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I wonder which wise guy at Tuesday’s press conference following Game 2 of the Eastern Conference Finals was the first to ask Claude Julien if Tyler Seguin would play Game 3.
I’m sure that one got a chuckle from the assembled media scrum, and having been in a few of those in my day, I have no doubt whatsoever that someone lobbed that question at the Bruins head coach. It’s possible there were multiple reporters tripping over each other for the honor.
Seguin was a spectator for the first two rounds of the Stanley Cup Playoffs, which isn’t unusual for a 19-year old rookie — even if said rookie was the No. 2 overall pick in last summer’s draft. He recorded a goal and an assist in his playoff debut in Game 1, but still he was only in the lineup at all because top center Patrice Bergeron was out with a concussion. (Side bar: How many Bruins fans, upon hearing the announcers refer to “Bergeron” for the first time in this series, got excited thinking Patrice had made a miraculous earlier-than-expected return to the lineup, only to be let down to learn it was actually Lightning defenseman Marc-Andre Bergeron?)
Seguin had his share of ups and down this season, which also is not at all unusual for a kid that young. He had only 11 goals and 22 points in 74 games, and was one of the only Bruins skaters with a negative plus/minus (his minus-4 was second worst on the team).
So with Patrice Bergeron set to return any day — likely as early as Game 3 tonight in Tampa — it seemed the former Plymouth Whalers star might be skating on borrowed ice time in these here playoffs. Before Game 2, it was probably assumed he’d return to watching from the press box as soon as Bergy was ready to go.
But after putting forth what easily stands as his best performance as a pro, and being arguably the best player on the ice for the victorious Bruins on Tuesday, the thought of Seguin not playing when the two teams hit the ice this evening is pretty much inconceivable. His four-point night (two goals, two assists) sparked the Bruins to a thrilling 6-5 win in a game the home team couldn’t afford to lose after dropping Game 1 on Saturday.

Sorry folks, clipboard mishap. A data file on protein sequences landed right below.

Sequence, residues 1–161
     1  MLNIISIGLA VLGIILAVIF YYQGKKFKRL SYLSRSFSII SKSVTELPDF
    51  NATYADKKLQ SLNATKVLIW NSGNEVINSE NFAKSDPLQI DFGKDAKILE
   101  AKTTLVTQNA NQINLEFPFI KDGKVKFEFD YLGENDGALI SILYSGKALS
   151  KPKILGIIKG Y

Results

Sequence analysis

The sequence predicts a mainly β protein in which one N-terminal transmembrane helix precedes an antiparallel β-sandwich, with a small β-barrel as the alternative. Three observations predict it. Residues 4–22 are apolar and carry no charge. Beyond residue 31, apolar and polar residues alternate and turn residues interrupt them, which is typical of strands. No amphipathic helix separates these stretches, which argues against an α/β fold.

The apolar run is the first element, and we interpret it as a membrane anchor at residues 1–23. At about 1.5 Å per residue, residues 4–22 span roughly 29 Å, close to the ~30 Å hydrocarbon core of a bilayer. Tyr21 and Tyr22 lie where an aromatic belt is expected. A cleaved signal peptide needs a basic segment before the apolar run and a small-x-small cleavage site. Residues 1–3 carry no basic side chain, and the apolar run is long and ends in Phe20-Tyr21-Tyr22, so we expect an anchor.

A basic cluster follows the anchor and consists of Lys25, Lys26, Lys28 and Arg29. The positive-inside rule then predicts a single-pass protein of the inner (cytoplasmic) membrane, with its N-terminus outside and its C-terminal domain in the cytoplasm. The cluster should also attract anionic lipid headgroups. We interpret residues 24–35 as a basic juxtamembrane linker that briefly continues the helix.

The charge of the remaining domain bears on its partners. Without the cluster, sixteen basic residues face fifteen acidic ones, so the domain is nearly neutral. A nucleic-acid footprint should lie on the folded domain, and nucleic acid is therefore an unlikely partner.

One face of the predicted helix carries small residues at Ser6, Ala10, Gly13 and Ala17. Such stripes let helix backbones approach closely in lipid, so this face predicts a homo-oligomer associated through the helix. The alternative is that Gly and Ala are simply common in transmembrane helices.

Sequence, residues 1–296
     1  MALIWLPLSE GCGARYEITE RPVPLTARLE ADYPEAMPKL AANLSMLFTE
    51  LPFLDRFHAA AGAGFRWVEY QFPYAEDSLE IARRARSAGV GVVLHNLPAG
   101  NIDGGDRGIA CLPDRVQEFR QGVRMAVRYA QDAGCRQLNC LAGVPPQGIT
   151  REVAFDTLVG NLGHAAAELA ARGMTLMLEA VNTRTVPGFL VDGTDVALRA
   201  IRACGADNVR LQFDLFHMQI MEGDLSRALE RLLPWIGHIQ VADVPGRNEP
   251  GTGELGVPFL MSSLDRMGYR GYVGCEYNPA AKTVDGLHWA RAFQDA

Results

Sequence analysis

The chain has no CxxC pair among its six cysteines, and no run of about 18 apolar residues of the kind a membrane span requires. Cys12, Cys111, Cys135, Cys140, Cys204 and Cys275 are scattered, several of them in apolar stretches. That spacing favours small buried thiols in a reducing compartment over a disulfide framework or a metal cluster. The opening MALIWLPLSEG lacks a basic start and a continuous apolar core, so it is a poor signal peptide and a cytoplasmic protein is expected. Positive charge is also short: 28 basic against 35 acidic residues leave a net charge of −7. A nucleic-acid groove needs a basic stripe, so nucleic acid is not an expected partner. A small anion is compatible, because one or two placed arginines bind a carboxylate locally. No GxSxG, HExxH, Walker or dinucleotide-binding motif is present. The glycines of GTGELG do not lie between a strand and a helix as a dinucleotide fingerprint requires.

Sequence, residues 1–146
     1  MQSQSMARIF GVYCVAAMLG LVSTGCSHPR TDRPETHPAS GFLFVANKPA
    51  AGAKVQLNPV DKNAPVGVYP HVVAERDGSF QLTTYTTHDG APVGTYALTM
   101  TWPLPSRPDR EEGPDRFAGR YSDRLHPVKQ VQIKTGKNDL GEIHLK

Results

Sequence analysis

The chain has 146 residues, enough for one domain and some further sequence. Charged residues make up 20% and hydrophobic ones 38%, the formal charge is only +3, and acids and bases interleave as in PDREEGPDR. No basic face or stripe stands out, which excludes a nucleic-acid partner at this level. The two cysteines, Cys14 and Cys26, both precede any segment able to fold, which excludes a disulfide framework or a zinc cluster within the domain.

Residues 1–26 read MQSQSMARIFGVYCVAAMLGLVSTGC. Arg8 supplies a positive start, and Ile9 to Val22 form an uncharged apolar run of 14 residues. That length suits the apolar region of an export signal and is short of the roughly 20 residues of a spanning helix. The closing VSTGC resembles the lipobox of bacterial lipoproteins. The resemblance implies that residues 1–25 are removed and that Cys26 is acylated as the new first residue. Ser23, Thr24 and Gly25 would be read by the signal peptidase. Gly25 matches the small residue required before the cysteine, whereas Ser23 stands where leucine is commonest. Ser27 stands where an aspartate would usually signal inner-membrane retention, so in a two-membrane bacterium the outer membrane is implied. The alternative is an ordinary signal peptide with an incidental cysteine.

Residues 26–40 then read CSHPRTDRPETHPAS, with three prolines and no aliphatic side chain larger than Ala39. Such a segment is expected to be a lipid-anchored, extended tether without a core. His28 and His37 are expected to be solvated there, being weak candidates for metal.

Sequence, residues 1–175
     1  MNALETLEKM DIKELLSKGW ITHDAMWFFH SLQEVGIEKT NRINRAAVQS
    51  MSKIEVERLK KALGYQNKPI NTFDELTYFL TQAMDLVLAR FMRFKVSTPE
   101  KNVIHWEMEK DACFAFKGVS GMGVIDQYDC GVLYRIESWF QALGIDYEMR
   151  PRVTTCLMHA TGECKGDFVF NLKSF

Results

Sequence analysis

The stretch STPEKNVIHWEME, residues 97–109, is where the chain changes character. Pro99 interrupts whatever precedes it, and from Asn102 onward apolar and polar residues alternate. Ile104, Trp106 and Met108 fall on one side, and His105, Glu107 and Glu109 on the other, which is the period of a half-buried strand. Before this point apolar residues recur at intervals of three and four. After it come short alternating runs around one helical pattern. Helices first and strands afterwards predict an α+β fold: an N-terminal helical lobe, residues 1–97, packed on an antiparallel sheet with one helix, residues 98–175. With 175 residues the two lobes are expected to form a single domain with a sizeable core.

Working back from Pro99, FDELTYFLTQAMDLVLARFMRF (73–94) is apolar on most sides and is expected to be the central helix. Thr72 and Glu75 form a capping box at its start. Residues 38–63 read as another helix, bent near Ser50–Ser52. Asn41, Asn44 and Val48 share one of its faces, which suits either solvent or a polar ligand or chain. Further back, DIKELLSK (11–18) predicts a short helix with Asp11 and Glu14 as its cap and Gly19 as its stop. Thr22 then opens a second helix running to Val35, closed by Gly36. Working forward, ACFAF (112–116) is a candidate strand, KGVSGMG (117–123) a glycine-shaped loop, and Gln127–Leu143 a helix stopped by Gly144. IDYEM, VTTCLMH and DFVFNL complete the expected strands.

Seguin breathed life into Boston’s non-existent power play, logging about a minute and a half of ice time with the man advantage as the Bruins went 2-for-5 — matching their total output for the previous 12 games combined (2-for-41). It’s been well documented that Boston won their first-round series against Montreal in seven games without scoring a single power-play goal (0-for-21), the first time a team has advanced without scoring such a goal in a series in NHL history.
I started scribbling out this blog post after Seguin’s second goal — both were beautiful “goal-scorers” goals — and didn’t even get halfway through that process before Seguin added two helpers and staked Boston to a 5-3 lead.
Now one great game does not a “star” make, but once again he was the second pick in his draft year, so the pedigree is there. Bruins fans certainly hope there are many more games like Tuesday’s in the years to come for this youngster, selected with what would have been Toronto’s draft pick before they shipped it off to Boston in the trade for Phil Kessel.
It’ll be interesting to see how Julien uses Seguin for Game 3 if Bergeron does return — and all indications point to that happening — whether he’ll continue to get time on the power play or not, and how he’ll handle his road playoff debut.
What I’ll also be curious to see is who the odd man out will be if both are in the lineup. The Bruins haven’t had much of a varied lineup throughout the playoffs, skating the exact same 12 forwards for every game until Seguin spelled Bergeron the past two contests. It’ll likely be either Shawn Thornton (one assist, a minus-1 and 2 PIM in 13 playoff games) or Gregory Campbell (1-2—3, team-worst minus-3 and 2 PIM).
Either way, if the rest of the games in this series can come close to the excitement of Game 2, hockey fans are in for a treat.